Mr. Gallaway disagreed with the department's assessment that his committee's recommendations were unclear or unworkable.
"The objective of the report was to make the parents equal in terms of decision-making powers involving their child or children. It makes it very clear that we understood it did not mean that a child would spend 50% of their time with one parent and 50% with the other because in many cases it's not always possible," he said.
Mr. Gallaway also said he detected an anti-father bias in the tone of the documents. The communications plan suggested emphasizing that the parliamentary committee heard from a "large number of fathers' groups," even though the number of women's groups appearing was larger, he noted.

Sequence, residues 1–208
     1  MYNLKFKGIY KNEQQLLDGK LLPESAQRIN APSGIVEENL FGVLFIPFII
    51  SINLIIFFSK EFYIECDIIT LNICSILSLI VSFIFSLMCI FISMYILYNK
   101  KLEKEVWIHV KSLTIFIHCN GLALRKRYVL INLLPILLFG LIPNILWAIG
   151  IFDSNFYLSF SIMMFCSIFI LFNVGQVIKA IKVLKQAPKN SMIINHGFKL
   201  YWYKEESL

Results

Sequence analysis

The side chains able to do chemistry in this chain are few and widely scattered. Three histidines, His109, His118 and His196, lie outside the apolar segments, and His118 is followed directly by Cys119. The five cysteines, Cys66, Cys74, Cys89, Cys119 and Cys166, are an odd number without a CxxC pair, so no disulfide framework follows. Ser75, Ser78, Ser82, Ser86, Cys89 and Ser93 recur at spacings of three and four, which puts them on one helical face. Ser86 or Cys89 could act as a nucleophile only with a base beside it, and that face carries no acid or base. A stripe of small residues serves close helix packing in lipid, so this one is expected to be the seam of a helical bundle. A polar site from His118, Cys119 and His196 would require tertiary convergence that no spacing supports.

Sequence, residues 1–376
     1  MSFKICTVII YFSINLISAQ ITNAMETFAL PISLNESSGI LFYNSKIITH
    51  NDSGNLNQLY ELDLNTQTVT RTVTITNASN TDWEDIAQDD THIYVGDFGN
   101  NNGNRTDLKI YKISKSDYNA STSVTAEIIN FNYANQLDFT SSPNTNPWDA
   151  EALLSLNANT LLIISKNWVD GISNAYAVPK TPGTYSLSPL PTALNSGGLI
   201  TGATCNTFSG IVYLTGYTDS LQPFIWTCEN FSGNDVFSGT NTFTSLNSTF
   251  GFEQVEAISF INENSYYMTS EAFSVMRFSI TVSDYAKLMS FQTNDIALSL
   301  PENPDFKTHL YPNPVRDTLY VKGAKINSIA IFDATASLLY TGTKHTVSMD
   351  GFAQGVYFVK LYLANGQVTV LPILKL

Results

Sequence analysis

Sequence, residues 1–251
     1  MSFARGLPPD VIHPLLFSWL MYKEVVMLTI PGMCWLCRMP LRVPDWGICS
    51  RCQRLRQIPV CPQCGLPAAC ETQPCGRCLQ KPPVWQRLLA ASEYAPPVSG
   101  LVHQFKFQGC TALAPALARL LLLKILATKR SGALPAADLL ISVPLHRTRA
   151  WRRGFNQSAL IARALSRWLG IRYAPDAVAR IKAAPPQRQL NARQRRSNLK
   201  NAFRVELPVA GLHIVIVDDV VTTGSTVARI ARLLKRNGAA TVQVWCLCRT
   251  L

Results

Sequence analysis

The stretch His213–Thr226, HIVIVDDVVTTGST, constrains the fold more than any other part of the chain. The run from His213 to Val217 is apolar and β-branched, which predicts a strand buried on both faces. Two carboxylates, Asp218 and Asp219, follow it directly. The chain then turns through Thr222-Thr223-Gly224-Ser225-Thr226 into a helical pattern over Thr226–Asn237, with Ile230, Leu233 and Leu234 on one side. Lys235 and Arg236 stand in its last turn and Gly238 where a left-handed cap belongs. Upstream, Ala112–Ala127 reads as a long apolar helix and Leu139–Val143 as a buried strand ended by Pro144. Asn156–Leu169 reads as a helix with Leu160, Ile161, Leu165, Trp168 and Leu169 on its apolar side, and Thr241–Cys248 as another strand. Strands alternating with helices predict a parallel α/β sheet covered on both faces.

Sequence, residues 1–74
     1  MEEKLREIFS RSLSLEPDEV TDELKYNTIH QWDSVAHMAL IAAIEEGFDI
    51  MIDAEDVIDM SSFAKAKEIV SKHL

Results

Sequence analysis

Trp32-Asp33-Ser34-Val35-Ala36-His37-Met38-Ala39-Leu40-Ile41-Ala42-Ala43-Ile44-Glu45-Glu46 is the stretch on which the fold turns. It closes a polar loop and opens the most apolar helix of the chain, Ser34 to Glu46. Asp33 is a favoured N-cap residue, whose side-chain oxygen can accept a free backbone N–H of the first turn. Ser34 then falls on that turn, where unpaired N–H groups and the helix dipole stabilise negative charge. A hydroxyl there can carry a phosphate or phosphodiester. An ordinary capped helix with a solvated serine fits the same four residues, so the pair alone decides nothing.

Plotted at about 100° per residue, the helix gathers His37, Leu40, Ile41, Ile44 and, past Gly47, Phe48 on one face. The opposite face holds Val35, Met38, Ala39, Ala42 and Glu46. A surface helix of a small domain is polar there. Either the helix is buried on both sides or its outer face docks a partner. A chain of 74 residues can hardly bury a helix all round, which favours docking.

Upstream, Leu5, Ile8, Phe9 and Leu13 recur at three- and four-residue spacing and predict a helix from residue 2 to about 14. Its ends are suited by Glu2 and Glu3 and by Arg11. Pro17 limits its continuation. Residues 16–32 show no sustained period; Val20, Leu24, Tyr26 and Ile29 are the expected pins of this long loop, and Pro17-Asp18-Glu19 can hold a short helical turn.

The communications plan emphasizes that only 10% of divorces are disputed in the courts, but fathers' groups complained the existing legal framework gives women the upper hand in negotiating out-of-court settlements.
(Each link opens a new window)
The entire act online.
The Children's Voice
Advocates the dismantling of the adversarial system in Canadian family law.
Fathers Are Capable Too advocacy page.
Joel Miller's Family Law Centre
A large Canadian-based site with comprehensive links to family law guidelines and legislation.
Status of Women Canada
Federal government agency mandated to promote gender equality.